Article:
Let us suppose that somehow a not-for-profit organisation has been established to allow anyone that wanted to to sequence and share their DNA profile. I am not interested at this stage in discussing all of the problems associated with that - I would just like you to imagine it.
Let us also suppose that those who are willing to share their DNA are also willing to continuously submit data from their bodies by way of wearable technologies. Again there are complex issues here but please ignore them for now. I just want you to focus on the idea.
We already have a mature market in wearables, particularly in relation to fitness and for a relatively low-cost it is already possible to wear a device that can gather data on
Furthermore there are already low-cost devices that can measure
Input devices are becoming smaller and cheaper all the time and by bridging hardware devices to smartphones via something like Low Energy Bluetooth we suddenly open incredible opportunities.
Already devices like Fitbit and Apple Watch gather data from the body and push it to a cloud platform that analyses and reports back to the user. This gives data scientists the ability to analyse the network of users as a whole and draw meaning from it.
What would happen if we combined DNA sequences with rich and frequent data from the body on a cloud platform? This is the uncomfortable bit. Let us assume that individuals around the globe have opted to submit their data from sensors on their bodies via a smartphone bridge. Imagine that the platform also understands their DNA sequence. Imagine the wealth of data that a network of users with DNA sequences and data from their bodies would present. Imagine the meaning, learning and understanding that could be drawn from it both from research scientists and data scientists.
The platform we are imagining understands the DNA profile of an individual and is gathering large amounts of data from users. Let us suppose that it is possible for users to grant access to their health care professionals. During a consultation a wealth of data and the DNA profile of the patient is available. As medical conditions become apparent users can choose to notify the platform that they have a condition. Perhaps in five years thousands of conditions will be registered on the platform along with user data and DNA profiles.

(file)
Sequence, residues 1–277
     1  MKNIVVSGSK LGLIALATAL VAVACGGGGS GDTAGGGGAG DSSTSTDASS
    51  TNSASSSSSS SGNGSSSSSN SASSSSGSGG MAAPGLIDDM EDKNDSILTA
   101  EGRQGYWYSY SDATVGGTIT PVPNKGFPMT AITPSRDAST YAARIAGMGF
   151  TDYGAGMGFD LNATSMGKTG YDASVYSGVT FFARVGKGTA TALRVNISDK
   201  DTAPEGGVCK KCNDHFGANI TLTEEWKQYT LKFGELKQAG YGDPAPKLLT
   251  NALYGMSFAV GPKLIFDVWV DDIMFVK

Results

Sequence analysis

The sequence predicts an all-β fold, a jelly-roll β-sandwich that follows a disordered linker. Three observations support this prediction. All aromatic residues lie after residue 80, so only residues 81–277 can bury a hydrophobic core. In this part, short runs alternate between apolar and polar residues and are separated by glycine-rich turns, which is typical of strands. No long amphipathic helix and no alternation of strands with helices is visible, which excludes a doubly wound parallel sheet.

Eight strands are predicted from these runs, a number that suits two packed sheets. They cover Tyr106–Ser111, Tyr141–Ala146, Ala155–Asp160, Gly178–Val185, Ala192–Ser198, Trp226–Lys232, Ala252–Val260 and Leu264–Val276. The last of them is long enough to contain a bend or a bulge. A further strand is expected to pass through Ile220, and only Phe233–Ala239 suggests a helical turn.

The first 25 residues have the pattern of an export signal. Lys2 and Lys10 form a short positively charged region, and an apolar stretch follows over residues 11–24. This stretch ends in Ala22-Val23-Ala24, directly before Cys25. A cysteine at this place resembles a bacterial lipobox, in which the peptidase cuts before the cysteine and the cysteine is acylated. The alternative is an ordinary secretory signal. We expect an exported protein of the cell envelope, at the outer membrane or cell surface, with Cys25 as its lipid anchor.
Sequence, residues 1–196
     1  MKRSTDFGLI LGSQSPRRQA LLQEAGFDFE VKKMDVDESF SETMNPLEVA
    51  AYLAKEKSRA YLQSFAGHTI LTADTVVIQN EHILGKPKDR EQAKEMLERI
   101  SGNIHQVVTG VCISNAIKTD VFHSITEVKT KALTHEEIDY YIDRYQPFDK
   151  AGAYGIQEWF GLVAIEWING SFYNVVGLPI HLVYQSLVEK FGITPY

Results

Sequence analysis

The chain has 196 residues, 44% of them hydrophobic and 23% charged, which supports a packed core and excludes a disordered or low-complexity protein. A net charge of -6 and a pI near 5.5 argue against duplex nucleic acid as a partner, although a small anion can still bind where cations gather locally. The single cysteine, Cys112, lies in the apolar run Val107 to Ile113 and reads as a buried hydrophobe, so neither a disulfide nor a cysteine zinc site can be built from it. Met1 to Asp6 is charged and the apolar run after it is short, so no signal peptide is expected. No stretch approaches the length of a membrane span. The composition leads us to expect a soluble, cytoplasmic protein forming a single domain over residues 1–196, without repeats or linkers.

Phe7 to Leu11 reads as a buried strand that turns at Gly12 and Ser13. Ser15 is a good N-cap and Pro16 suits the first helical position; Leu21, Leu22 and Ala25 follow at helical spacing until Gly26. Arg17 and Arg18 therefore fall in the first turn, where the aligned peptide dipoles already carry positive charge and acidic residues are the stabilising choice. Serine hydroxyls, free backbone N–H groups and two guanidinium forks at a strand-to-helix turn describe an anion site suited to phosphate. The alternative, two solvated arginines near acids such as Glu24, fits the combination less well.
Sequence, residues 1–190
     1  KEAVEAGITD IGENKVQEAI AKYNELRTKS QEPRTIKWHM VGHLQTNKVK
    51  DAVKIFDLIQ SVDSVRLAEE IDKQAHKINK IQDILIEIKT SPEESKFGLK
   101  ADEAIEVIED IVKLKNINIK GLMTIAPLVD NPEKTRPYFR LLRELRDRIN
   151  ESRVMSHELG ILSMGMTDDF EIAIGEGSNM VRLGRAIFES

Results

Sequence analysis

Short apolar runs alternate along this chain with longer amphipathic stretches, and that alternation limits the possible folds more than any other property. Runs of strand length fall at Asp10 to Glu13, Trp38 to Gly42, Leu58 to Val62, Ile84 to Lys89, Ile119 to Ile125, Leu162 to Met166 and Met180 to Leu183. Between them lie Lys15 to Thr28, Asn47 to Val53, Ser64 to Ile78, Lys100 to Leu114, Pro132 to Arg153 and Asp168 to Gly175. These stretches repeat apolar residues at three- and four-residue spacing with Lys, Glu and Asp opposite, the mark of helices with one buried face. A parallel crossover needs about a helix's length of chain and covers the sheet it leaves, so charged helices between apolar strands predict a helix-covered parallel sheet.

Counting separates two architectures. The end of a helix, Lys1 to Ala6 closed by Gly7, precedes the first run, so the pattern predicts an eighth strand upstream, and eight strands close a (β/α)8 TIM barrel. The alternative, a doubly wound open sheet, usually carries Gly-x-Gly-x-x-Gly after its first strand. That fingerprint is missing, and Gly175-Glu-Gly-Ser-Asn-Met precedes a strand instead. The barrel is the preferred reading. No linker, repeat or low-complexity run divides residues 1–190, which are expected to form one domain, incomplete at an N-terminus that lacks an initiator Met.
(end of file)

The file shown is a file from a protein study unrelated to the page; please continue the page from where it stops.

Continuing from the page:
The resulting platform becomes a self-learning research platform. Machine learning and data science could extract deep meaning from user data and align it to DNA and medical conditions. I would hazard a guess that within a few years a major breakthrough would be uncovered or at the very least deep knowledge around conditions and profiles would be gained.
This is not a deep technical challenge. Wearables, smartphones and big data are already mature technologies. What is a challenge is navigating the moral, political and social issues with this idea. To date massive NGO’s and Governments have driven Global Health programs but we could think differently here.
Blockchain has the potential to protect personal data and decentralise it from any central organisation but in reality this area is nascent and problematic.
Considering the upsides of accelerating medical knowledge and discovery and ultimately humanity’s ability to understand disease and illness my question is this:
Are we brave enough to imagine the idea of a real time global self-learning medical research platform?
It is technically possible.
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